"It's important for everyone to know that this process to getting to near space is a pioneering work," Murch said. "Nobody has ever done it; no one has ever gone up and actually used an airship in near space for a telecommunications platform."
The core obstacle in maintaining an airship at stratospheric levels has been energy regeneration, since an airship needs to stay in near space for long periods of time to remain commercially viable. No airship has stayed afloat at high altitudes for more than 24 hours because energy resources are quickly expended, Murch said.
However, Sanswire is using existing technologies, such as solar power regeneration, to power the Stratellite. The company also expects research being conducted on hydrogen fuel cells to yield another alternative in the near future.
Helium retention is also a problem for the Stratellite, and Sanswire is looking for new materials to help prevent the small particles from escaping.
Arizona-based Space Data has figured out a way around the technological roadblock that large airships have encountered. The company has developed "SkySat" balloons: six-foot-wide latex rubber balloons filled with helium or hydrogen and equipped with communications gear. By launching balloons daily, Space Data does not have to maintain and launch a large aircraft. The reusable balloons are controlled remotely and drop safely to the ground after a few days.
Over the past two years, Space Data has launched more than 10,000 balloons over Texas, Oklahoma and parts of Arkansas and Louisiana, to help the oil industry monitor oil and gas production, and keep track of equipment.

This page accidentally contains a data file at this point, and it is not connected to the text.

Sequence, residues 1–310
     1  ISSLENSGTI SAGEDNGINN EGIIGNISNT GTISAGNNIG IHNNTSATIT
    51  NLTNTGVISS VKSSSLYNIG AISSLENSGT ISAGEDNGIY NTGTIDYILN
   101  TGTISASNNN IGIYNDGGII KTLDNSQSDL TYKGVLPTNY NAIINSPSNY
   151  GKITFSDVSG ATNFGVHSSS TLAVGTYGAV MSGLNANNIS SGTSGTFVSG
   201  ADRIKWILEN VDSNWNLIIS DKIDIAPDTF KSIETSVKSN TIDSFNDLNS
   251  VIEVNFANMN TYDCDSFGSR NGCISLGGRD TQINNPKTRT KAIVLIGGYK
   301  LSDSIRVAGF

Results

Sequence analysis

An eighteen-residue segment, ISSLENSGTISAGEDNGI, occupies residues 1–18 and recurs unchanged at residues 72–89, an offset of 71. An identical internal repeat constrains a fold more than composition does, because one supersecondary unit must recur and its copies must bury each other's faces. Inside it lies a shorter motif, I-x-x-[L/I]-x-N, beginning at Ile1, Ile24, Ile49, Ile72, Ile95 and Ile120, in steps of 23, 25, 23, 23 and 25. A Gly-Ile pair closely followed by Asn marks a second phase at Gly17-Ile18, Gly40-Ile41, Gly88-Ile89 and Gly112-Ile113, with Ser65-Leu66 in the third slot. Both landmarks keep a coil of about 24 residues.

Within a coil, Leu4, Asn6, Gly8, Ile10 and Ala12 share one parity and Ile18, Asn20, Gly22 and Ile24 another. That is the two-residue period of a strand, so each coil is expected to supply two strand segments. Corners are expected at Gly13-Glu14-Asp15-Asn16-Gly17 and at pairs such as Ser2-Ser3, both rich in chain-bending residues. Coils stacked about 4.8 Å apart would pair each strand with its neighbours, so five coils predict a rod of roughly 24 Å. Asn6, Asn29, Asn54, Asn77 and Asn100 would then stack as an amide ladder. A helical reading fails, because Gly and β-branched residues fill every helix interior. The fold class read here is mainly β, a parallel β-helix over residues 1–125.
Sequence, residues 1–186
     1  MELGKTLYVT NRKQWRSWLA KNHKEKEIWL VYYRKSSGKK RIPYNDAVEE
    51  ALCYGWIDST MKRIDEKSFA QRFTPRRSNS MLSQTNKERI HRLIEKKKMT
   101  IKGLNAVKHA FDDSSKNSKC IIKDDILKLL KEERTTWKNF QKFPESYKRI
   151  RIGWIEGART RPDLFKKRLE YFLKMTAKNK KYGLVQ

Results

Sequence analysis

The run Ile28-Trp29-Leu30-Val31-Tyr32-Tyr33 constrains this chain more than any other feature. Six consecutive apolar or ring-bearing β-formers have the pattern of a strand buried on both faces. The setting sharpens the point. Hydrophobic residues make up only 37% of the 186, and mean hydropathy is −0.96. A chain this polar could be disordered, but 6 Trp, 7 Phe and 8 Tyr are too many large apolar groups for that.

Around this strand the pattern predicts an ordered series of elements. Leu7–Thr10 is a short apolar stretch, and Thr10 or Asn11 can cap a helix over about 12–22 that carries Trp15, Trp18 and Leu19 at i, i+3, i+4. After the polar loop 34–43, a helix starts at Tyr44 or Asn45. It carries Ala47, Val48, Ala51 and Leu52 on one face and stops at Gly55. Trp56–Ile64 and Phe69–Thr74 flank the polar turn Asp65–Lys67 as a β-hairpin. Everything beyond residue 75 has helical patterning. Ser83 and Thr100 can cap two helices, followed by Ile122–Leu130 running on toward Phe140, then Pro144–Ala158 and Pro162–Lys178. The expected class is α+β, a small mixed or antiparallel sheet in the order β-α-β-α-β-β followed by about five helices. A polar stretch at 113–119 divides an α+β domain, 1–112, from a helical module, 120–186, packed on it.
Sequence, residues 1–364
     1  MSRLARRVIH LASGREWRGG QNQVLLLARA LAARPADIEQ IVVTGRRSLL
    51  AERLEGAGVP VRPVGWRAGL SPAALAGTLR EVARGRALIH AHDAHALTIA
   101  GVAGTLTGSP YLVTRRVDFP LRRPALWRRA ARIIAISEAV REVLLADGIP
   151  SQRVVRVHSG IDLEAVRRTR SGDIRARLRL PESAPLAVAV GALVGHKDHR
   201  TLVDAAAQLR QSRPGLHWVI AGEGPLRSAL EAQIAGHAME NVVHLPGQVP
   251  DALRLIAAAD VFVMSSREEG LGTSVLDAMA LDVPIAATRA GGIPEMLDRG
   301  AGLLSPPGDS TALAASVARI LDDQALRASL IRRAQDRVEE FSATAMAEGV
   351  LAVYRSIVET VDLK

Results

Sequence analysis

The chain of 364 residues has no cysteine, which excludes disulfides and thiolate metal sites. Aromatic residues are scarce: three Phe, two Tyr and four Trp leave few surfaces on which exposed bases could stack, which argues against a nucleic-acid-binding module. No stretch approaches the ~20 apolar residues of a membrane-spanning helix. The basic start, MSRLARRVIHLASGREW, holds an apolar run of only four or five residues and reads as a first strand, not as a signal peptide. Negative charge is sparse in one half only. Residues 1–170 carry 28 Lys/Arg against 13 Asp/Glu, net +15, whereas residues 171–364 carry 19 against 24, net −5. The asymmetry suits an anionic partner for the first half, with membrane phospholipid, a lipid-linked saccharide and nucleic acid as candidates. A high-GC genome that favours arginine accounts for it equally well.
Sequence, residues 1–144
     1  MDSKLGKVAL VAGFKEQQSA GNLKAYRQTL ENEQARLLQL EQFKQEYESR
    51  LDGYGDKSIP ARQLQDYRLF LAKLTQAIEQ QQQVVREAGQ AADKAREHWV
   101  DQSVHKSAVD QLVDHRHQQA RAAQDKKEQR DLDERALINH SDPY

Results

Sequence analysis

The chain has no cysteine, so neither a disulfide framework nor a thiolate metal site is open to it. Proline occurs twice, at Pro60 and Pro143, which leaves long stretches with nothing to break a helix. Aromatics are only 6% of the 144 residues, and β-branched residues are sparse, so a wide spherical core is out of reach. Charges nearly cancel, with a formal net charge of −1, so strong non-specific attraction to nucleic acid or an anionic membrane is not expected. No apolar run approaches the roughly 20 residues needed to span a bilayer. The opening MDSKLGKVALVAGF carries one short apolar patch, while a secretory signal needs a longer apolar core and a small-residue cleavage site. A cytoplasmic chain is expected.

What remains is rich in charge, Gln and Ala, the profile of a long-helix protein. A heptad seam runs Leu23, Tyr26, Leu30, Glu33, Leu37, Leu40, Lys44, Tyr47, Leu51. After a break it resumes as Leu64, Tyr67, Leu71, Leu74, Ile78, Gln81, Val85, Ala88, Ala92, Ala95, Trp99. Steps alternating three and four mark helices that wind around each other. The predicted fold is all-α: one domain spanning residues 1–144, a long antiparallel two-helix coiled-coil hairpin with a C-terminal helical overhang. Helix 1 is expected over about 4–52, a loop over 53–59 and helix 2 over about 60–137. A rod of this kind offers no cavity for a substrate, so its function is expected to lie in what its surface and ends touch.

In August 2006, Space Data was awarded a $49 million contract from the U.S. Air Force to supply its high-altitude balloons with communications. The move will replace high-cost satellites, and the balloons are expected to be used to extend the communications range of soldiers in Iraq and Afghanistan.
Former North Dakota Gov. Ed Schafer is working with Space Data to use its balloons to provide wireless coverage to remote parts of the state. The plan is expected to be effective in 2007 and is precisely the market Space Data is pursuing -- jurisdictions that want to bring wireless communication services to areas with little or no reception.
"The goal of our company is to have an umbrella overlay system over the entire nation, with a network capacity and a user base of 200 million cell phone users," said Jerry Knoblach, chairman and CEO of Space Data. "We want to be a roaming partner to big carriers."
Knoblach thinks airships will make headway in the future as technology develops, but for now, they only exist in PowerPoint presentations.
Yet Murch is confident the Stratellite will be the next communications platform of choice in the coming years. In the months ahead, Sanswire will conduct further testing of the Stratellite at Edwards Air Force base, about 30 miles north of Palmdale, Calif., with the goal for the Stratellite to float at 25,000 feet for 24 hours. The company's immediate goal is to have the Stratellite stay afloat for seven days, then continually extend the number of days. Murch hopes that in the next two to three years, a successful Stratellite prototype will be unveiled to the world.
"It's very doable. We're sure it's going to be happening," Murch said, "and in some way, we are going to be a part of it."